Since becoming a MyMusicRx volunteer in 2015, Matt Berning has played an amazing 112 hours of music for kids and staff at Randall Children’s Hospital. However, music isn’t the only reason he’s involved with CCA. Matt himself has been living with a cancer diagnosis, and this inspired in him a desire to connect with children and families on that same journey. Through the experience of his own treatment, Matt has brought valuable insight and understanding to children and families in the hospital while also helping his own healing.
How did you get involved with CCA?
“I moved back to Portland in early 2015. At the time, I was recovering from brain surgery and radiation treatment for glioblastoma multiforme [recurrent brain cancer], and was still undergoing chemotherapy. I wasn’t able to return to work, but I was capable of spending a few hours each week out in the community, and I was looking for a way to make a difference in the lives of local youth. Music has always been important to me, and so the MyMusicRx volunteer program was a natural fit.”
What has your experience in the hospital meant to you?
“Having spent time in hospitals for my own health, it is very meaningful to be in that same environment helping others going through similar situations. I was an adult when my health problems presented, and I can only begin to understand how much more difficult it is for these kids, and for their siblings, parents, doctors, and nurses. The whole situation is hard, emotionally. Being here in this environment and doing something positive has been very rewarding.
Music has always been an important part of my own life; it has always been a creative outlet for me. I think back to my own time in the hospital as a patient, and how much of a difference it would have made for me had that hospital had a music program like MyMusicRx. That’s a big part of what makes me feel so good about my role as a volunteer musician.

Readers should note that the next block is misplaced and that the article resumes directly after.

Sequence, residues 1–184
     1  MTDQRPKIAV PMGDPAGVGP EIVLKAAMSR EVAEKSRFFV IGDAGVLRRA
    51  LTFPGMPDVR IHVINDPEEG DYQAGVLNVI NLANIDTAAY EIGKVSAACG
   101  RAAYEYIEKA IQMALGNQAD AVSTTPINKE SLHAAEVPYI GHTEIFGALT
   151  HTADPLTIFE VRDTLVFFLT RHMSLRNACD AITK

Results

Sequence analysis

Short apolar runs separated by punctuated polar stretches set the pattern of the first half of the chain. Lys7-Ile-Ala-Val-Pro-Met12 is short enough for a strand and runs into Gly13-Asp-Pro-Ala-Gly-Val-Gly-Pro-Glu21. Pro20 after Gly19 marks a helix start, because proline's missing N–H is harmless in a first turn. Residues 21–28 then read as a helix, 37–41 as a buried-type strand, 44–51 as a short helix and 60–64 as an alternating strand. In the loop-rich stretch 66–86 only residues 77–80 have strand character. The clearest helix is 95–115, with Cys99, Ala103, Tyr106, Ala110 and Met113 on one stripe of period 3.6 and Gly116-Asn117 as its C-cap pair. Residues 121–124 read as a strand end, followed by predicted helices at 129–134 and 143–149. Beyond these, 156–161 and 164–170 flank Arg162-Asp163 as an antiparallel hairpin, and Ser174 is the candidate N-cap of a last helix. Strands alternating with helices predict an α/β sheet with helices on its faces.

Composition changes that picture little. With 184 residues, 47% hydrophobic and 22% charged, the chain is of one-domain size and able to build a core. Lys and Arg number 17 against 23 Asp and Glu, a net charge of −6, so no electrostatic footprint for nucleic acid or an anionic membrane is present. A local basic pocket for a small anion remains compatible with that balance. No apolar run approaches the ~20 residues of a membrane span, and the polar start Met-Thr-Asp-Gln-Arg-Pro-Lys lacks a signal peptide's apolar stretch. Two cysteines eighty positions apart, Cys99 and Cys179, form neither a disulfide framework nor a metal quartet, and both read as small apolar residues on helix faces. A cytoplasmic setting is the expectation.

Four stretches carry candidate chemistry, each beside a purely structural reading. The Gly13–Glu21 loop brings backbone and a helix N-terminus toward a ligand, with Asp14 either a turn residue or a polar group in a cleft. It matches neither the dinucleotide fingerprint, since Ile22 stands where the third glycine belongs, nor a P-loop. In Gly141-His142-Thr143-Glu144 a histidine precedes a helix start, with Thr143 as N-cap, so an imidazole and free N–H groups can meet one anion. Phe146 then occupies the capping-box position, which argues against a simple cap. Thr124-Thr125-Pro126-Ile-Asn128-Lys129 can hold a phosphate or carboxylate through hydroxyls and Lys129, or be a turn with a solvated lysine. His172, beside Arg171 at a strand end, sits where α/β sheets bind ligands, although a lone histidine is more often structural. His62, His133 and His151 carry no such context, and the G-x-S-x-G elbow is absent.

Selfishly, I also do it for myself! If the building were empty, I would still come here to play music for a couple of hours each week, because I love music and it is an important part of my own healing process.”
What about music brings you joy?
“It’s the main creative outlet in my life. Externally, it’s a way to communicate with someone without ever having talked to them, and that’s really special. There are people with whom I might struggle to find anything else in common, but we might both enjoy music. There are also people for whom music isn’t all that important, but even if it only serves as a distraction from emotional or physical pain and helps them get through that, then I’ve done my job. One way or the other, I can make a positive, meaningful impact on someone’s life.”
Why do you think music is important in a hospital setting?
“The whole ecosystem of the hospital is helped by music. The direct interaction with patients is probably fairly self-explanatory, but that’s only one part of the equation. The way I see it, if I can make a doctor’s day better (or a nurse, or any of the hospital staff) that can only lead to better care for the patient.
Another big reason for having music in the hospital is the siblings; the hospital setting can be really tough for a sibling. Naturally, the parents will focus on the child that’s the patient, but that can be very hard for a sibling because they’re cooped up in the hospital with not a whole lot to do. They’re bored, and they feel ignored. Music is a nice diversion. Some of my favorite days here are when siblings come hang out with me.
A great thing about this program is that we have instruments and the kids can learn. I’ve talked to parents who have said that Randall Children’s Hospital is a great hospital and all aspects of the care are great, but the best part was the music. Parents have mentioned that their child, who had no previous interest in music, now wants to take piano lessons. There’s an opportunity for our program to provide a really positive outcome from a very difficult situation.”
What are a few of your most requested songs?
“Twinkle Twinkle Little Star is probably topping the charts. There are kids who only want to listen to that on loop. I’ll try to mix in You Are My Sunshine or another classic, but they won’t have any of it! I remember one little girl who would calmly state “again” as soon as I sang the last line of Twinkle Twinkle Little Star. She knew what she wanted!”
Thank You, Matt
A heartfelt thank you from CCA to Matt and the rest of our dedicated MyMusicRx volunteers and Specialists who fill the hallways of our partner hospitals with music. If you believe in the healing power of music and want to help; donate an instrument from our Amazon wish list or sign up to volunteer as a musician in the hospital.